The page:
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In terms of land area, Kazakhstan comes into the charts at number 9, measuring in a whopping 2.7 million square km. As far as national confusion goes, Kazakhstan once again carves itself into the top ten. Since Soviet rule was abandoned in the early nineties, Kazakhstan has been a somewhat disorderly affair, complete with rigged elections, a less-than-effective approach to capitalizing on its huge mineral resources and a random change of capital from cosmopolitan Almaty to Astana (formerly Aqmola). National order does not seem particularly natural for a country of nomads.
But for travellers, it's a little easier to make sense of the chaos and pick out Kazakhstan's bright spots. For one, it offers Central Asia's finest skiing opportunities, including heli-skiing and ski-mountaineering. For twos, the Tian Shan range at the country's north makes for some mighty fine scenery. And lastly, Kazakhstanis do have the quirk of playing polo with dead goats' bodies.
Humans have inhabited present-day Kazakhstan since the earliest Stone Age, generally pursuing the nomadic pastoralism for which the region's climate and terrain are best suited. The earliest well-documented state in the region was the Turkic Kaganate, or Gokturk, Köktürk state, established by the Ashina clan, which came into existence in the 6th century AD. The Qarluqs, a confederation of Turkic tribes, established a state in what is now eastern Kazakhstan in 766. In the 8th and 9th centuries, portions of southern Kazakhstan were conquered by Arabs, who also introduced Islam. The Oghuz Turks controlled western Kazakhstan from the 9th through the 11th centuries. While ancient cities Taraz (Aulie-Ata) and Hazrat-e Turkestan had long served as important way-stations along the Silk Road connecting East and West, real political consolidation only began with the Mongol invasion of the early 13th century. In the 15th century, a distinct Kazakh identity began to emerge among the Turkic tribes, a process which was consolidated by the mid-16th century with the appearance of a distinctive Kazakh language, culture, and economy.
In the 19th century, the Russian Empire began to expand, and spread into Central Asia. The "Great Game" period is generally regarded as running from approximately 1813 to the Anglo-Russian Convention of 1907. The tsars effectively ruled over most of the territory belonging to what is now the Republic of Kazakhstan. In the early 19th century, the construction of Russian forts began to have a destructive effect on the Kazakh traditional economy by limiting the once-vast territory over which the nomadic tribes could drive their herds and flocks. The final disruption of nomadism began in the 1890s, when many Russian settlers were introduced into the fertile lands of northern and eastern Kazakhstan. In 1906, the Trans-Aral Railway between Orenburg and Tashkent was completed, further facilitating Russian colonisation of the fertile lands of Semirechie. Between 1906 and 1912, more than a half-million Russian farms were started as part of the reforms of Russian minister of the interior Petr Stolypin, putting immense pressure on the traditional Kazakh way of life by occupying grazing land and using scarce water resources. The Kyrgyz Autonomous Soviet Socialist Republic was set up in 1920 and was renamed the Kazakh Autonomous Soviet Socialist Republic in 1925 when the Kazakhs were differentiated officially from the Kyrgyz. The Russian Empire recognized the ethnic difference between the two groups; it called them both Kyrgyz to avoid confusion between the terms Kazakh and Cossack (both names originating from Turkic "free man"). In 1936 Kazakhstan became a Soviet republic. Kazakhstan experienced population inflows of millions exiled from other parts of the Soviet Union during the 1930s and 1940s; many of the deportation victims were deported to Siberia or Kazakhstan merely due to their ethnic heritage or beliefs.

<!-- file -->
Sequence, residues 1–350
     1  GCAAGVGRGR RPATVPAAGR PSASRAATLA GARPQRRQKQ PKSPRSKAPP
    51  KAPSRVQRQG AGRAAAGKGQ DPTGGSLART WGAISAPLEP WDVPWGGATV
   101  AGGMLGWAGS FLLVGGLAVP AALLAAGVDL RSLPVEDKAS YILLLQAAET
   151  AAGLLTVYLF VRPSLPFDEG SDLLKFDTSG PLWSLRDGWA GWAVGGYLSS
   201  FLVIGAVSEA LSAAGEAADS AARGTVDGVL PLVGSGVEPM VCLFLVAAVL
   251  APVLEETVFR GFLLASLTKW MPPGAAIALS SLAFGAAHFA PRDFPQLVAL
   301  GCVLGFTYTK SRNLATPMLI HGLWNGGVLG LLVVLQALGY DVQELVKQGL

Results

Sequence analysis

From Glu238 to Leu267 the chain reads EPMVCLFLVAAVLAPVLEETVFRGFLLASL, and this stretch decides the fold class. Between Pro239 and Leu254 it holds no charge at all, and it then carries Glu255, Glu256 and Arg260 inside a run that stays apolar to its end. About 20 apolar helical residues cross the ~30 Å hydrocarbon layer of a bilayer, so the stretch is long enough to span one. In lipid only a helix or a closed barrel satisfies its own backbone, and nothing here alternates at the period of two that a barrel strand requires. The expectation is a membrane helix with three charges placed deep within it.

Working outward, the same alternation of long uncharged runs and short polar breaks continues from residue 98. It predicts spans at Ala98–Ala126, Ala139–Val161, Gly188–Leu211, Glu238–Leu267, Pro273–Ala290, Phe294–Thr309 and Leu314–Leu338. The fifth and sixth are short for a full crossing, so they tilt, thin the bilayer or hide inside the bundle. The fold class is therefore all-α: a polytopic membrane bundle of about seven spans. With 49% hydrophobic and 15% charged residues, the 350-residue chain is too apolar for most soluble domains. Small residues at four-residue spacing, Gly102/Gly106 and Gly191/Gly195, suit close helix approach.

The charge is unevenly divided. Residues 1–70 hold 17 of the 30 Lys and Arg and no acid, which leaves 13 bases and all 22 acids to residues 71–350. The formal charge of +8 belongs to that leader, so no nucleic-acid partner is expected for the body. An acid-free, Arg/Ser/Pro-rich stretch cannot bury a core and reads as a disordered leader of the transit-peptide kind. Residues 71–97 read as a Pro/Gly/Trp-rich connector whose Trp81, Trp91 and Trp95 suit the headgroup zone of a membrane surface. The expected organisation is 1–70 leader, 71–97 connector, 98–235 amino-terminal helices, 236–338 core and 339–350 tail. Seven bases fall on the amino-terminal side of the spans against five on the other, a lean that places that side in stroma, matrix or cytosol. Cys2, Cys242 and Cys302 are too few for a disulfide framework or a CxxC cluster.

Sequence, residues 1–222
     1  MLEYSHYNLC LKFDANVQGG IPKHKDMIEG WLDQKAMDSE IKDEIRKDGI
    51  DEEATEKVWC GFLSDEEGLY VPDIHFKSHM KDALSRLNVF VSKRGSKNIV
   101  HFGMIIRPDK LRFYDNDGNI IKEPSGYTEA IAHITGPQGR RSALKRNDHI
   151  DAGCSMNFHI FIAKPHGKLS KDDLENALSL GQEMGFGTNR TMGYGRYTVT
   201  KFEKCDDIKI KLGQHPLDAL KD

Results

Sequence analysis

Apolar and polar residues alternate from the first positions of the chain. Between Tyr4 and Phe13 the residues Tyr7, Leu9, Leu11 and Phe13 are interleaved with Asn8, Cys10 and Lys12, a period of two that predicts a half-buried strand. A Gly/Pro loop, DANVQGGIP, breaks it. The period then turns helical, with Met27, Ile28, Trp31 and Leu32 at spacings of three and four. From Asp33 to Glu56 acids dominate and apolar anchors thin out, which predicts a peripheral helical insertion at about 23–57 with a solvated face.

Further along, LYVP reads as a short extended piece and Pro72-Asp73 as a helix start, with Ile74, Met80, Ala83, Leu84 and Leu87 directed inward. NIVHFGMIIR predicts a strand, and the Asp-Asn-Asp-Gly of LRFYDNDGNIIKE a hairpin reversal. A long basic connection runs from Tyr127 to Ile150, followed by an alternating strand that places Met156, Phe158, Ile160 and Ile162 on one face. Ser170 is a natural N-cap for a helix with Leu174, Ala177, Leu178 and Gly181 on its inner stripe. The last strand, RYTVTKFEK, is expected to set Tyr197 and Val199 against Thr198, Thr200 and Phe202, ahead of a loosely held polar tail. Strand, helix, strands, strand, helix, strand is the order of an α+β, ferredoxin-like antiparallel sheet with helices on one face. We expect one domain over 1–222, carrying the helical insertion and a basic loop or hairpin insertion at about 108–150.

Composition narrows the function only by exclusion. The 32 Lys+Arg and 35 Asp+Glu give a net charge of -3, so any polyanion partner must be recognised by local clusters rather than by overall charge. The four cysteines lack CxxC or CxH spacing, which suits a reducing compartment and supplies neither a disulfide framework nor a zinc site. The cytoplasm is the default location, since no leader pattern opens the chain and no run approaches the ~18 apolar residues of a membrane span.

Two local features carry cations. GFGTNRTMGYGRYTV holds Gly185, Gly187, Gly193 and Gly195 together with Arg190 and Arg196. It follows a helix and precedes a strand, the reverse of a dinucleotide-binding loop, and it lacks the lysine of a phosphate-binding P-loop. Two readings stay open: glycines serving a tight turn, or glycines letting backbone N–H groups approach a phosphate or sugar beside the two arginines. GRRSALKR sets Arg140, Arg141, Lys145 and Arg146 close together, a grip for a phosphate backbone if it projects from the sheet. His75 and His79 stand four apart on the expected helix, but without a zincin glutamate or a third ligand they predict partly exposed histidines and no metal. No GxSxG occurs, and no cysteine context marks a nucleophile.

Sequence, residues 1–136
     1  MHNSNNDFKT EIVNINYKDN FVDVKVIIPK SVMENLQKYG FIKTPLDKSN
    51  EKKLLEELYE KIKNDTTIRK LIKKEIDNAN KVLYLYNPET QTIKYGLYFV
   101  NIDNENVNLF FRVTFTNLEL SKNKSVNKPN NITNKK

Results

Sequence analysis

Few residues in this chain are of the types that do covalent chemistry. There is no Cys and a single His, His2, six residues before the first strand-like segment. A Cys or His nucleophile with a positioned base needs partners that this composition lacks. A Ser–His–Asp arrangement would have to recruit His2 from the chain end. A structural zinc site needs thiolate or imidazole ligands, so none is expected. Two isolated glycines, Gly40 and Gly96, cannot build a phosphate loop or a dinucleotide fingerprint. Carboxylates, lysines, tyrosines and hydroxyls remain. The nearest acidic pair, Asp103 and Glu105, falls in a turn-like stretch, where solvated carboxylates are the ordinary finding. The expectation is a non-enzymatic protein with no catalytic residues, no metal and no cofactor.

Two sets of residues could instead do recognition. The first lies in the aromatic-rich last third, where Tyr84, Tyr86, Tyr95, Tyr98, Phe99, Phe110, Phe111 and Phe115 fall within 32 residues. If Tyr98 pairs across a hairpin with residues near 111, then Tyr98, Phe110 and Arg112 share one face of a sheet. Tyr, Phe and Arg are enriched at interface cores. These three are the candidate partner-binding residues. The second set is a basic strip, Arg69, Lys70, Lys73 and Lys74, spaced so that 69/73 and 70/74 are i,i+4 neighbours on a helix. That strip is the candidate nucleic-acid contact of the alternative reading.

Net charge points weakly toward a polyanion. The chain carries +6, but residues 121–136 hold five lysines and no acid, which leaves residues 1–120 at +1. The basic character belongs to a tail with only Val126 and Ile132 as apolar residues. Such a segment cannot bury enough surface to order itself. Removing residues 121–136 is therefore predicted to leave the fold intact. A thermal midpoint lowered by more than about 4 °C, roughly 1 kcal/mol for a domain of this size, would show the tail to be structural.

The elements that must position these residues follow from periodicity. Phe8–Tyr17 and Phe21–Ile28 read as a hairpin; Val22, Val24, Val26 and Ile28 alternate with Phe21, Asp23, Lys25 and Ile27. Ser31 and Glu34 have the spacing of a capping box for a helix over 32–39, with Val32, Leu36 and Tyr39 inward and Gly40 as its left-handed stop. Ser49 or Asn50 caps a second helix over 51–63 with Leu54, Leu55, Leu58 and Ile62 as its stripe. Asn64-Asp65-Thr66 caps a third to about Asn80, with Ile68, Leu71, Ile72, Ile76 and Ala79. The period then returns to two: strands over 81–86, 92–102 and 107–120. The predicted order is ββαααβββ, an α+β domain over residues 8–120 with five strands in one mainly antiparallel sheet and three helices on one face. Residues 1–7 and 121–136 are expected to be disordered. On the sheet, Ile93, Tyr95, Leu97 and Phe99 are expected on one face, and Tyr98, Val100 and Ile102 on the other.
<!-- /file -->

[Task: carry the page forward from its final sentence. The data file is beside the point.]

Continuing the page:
In December 1986, mass demonstrations by young ethnic Kazakhs, later called Jeltoqsan riot, took place in Almaty to protest the replacement of the First Secretary of the Communist Party of the Kazakh SSR Dinmukhamed Konayev with Gennady Kolbin from the Russian SFSR. Governmental troops suppressed the unrest, several people were killed and many demonstrators were jailed. In the waning days of Soviet rule, discontent continued to grow and find expression under Soviet leader Mikhail Gorbachev's policy of glasnost. Kazakhstan declared its sovereignty as a republic within the Union of Soviet Socialist Republics in October 1990. Following the August 1991 aborted coup attempt in Moscow and the subsequent dissolution of the Soviet Union, Kazakhstan declared independence on December 16, 1991. It was the last of the Soviet republics to declare independence. Democracy, however, has not gained much ground since 1991. In 2007, Kazakhstan's parliament passed a law granting President Nursultan Nazarbayev lifetime powers and privileges, immunity from criminal prosecution, and influence over domestic and foreign policy. Critics say he has become a de facto "president for life."
With an area of 2,700,000 square kilometres, Kazakhstan is the ninth largest country and the largest landlocked country in the world, equivalent in size to Western Europe. It shares borders of 6,846 kilometres with Russia, 2,203 kilometres with Uzbekistan, 1,533 kilometres with China, 1,051 kilometres with Kyrgyzstan, and 379 kilometres with Turkmenistan. It lies between latitudes 40° and 56° N, and longitudes 46° and 88° E. While located primarily in Asia, a small portion of Kazakhstan is also located west of the Urals in Eastern Europe.